Journal reference: PLoS ONE
Provided by Norwich BioScience Institutes
- World prone to food-borne disease outbreaks: WHO Oct 13, 2011 | not rated yet | 0
- German salad warning after food poisoning deaths May 26, 2011 | not rated yet | 0
- Government tightening food safety standards Jul 07, 2009 | not rated yet | 0
- European E. coli confirmed in Arizona death Jul 08, 2011 | not rated yet | 0
- Small clique of nations found to dominate global trading web of food, water Mar 22, 2012 | not rated yet | 0
- Motion perception revisited: High Phi effect challenges established motion perception assumptions Apr 23, 2013 | 3 / 5 (2) | 2
- Anything you can do I can do better: Neuromolecular foundations of the superiority illusion (Update) Apr 02, 2013 | 4.5 / 5 (11) | 5
- The visual system as economist: Neural resource allocation in visual adaptation Mar 30, 2013 | 5 / 5 (2) | 9
- Separate lives: Neuronal and organismal lifespans decoupled Mar 27, 2013 | 4.9 / 5 (8) | 0
- Sizing things up: The evolutionary neurobiology of scale invariance Feb 28, 2013 | 4.8 / 5 (10) | 14
Classical and Quantum Mechanics via Lie algebras
Apr 15, 2011 I'd like to open a discussion thread for version 2 of the draft of my book ''Classical and Quantum Mechanics via Lie algebras'', available online at http://lanl.arxiv.org/abs/0810.1019 , and for the...
- More from Physics Forums - Independent Research
More news stories
A new case of the deadly coronavirus has been detected in Saudi Arabia where 15 people have already died after contracting it, the health ministry announced on Saturday on its Internet website.
Diseases, Conditions, Syndromes 12 hours ago | not rated yet | 0
(HealthDay)—Few randomized clinical trials have been done to assess clinical prediction rules for patients with lower back pain, and the trials that have been done are of low quality and do not provide ...
Diseases, Conditions, Syndromes May 17, 2013 | not rated yet | 0 |
A new, highly sensitive blood test that quickly detects even the lowest levels of malaria parasites in the body could make a dramatic difference in efforts to tackle the disease in the UK and across the world, according to ...
Diseases, Conditions, Syndromes May 17, 2013 | not rated yet | 0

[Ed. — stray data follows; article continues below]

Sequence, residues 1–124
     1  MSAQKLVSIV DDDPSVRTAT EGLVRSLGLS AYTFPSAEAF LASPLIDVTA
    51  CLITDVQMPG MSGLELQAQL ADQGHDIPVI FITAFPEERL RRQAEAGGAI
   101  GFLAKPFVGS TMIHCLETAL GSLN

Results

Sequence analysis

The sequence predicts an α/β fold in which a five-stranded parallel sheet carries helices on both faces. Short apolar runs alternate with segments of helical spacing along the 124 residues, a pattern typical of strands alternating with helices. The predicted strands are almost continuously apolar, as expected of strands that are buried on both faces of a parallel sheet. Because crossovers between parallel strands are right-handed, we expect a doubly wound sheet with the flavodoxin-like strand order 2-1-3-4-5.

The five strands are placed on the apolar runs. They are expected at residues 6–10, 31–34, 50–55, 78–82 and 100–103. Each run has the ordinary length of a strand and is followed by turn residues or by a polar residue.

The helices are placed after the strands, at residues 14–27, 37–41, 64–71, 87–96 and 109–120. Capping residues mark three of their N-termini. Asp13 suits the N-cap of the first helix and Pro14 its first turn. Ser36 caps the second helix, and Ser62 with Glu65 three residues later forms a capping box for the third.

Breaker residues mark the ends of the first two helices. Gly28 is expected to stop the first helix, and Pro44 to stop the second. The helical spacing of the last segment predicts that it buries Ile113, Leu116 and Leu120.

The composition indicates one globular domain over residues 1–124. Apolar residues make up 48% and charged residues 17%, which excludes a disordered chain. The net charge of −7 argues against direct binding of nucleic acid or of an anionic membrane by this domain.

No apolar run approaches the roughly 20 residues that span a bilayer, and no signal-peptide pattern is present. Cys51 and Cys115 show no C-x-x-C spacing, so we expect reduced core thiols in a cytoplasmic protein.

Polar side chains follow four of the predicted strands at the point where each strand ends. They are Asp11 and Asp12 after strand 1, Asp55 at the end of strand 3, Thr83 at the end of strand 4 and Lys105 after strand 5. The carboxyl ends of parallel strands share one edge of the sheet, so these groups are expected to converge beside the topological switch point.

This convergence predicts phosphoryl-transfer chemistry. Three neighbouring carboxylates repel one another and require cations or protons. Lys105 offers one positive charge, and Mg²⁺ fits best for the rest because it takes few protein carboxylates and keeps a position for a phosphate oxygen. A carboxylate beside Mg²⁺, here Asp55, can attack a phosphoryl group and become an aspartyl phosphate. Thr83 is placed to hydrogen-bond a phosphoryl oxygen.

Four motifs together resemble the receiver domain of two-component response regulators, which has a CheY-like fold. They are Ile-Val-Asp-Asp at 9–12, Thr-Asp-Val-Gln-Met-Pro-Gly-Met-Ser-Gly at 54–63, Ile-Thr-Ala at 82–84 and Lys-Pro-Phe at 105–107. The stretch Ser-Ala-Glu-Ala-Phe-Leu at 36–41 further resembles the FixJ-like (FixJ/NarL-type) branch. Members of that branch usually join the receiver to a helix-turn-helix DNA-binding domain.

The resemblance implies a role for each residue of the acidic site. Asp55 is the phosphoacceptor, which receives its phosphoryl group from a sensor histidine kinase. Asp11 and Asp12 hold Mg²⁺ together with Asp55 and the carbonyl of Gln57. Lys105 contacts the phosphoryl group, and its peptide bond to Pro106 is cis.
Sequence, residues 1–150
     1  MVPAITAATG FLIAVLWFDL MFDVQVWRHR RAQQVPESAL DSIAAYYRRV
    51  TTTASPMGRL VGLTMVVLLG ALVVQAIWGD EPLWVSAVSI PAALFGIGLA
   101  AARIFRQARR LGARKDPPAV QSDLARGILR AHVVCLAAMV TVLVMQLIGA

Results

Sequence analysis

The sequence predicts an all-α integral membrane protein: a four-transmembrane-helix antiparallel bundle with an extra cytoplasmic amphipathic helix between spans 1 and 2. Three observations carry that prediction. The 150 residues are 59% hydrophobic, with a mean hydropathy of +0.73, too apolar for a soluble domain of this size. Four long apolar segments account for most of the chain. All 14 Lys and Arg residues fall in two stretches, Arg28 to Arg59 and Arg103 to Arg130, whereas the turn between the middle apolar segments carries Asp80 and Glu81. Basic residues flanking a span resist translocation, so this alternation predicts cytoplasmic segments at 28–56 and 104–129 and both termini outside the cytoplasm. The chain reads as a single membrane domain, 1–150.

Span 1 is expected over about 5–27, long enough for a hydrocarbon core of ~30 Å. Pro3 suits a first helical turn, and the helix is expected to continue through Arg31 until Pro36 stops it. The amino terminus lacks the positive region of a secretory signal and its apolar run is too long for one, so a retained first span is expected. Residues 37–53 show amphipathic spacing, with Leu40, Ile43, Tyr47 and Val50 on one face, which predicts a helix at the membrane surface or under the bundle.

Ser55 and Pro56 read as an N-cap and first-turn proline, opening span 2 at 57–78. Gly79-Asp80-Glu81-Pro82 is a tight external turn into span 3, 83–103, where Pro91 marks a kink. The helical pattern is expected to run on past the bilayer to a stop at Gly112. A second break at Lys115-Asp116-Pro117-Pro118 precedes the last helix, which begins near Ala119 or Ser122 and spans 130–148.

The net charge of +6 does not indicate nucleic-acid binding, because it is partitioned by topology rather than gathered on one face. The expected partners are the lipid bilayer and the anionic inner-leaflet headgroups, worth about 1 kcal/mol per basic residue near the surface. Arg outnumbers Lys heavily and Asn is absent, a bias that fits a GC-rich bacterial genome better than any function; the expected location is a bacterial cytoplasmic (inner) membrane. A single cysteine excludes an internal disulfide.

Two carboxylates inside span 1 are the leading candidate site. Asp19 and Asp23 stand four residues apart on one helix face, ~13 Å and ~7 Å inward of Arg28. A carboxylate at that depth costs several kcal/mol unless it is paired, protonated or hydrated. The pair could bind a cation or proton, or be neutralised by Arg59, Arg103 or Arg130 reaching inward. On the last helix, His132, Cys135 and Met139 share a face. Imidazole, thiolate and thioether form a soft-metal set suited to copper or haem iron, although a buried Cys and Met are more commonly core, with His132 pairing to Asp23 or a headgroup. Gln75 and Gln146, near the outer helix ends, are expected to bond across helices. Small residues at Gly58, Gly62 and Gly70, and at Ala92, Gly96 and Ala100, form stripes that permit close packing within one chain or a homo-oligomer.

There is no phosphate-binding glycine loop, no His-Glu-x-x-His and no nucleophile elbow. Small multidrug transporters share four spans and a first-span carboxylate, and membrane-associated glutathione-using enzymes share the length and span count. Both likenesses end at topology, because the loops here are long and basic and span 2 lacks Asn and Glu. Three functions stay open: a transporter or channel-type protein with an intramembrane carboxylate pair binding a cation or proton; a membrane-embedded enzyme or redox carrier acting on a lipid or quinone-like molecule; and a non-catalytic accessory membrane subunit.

(AP)—The World Health Organization says a yellow fever booster vaccination given 10 years after the initial shot isn't necessary.
Diseases, Conditions, Syndromes May 17, 2013 | not rated yet | 0
An increasing number of U.S. children are experiencing gastrointestinal issues that require interventions to resolve, according to research presented at Digestive Disease Week (DDW).
14 hours ago | not rated yet | 0 |
The latest makeover to a massive psychiatric tome honored by some, reviled by others and even called the "Bible" of mental disorders is being released Saturday with a host of new changes.
11 hours ago | not rated yet | 0
Big names in medicine are set to give an upbeat assessment of the war on AIDS on Tuesday, 30 years after French researchers identified the virus that causes the disease.
22 hours ago | 5 / 5 (1) | 0
For combat veterans suffering from post-traumatic stress disorder, 'fear circuitry' in the brain never rests
Chronic trauma can inflict lasting damage to brain regions associated with fear and anxiety. Previous imaging studies of people with post-traumatic stress disorder, or PTSD, have shown that these brain regions can over-or ...
23 hours ago | 5 / 5 (1) | 0 |
A ground-breaking advance in colonoscopy technology signals the future of colorectal care, according to research presented today at Digestive Disease Week(DDW). Additional research focuses on optimizing the minimal withdrawal ...
14 hours ago | 5 / 5 (2) | 0
Every cell in our bodies runs on a 24-hour clock, tuned to the night-day, light-dark cycles that have ruled us since the dawn of humanity. The brain acts as timekeeper, keeping the cellular clock in sync ...
May 13, 2013 | 4 / 5 (19) | 4 |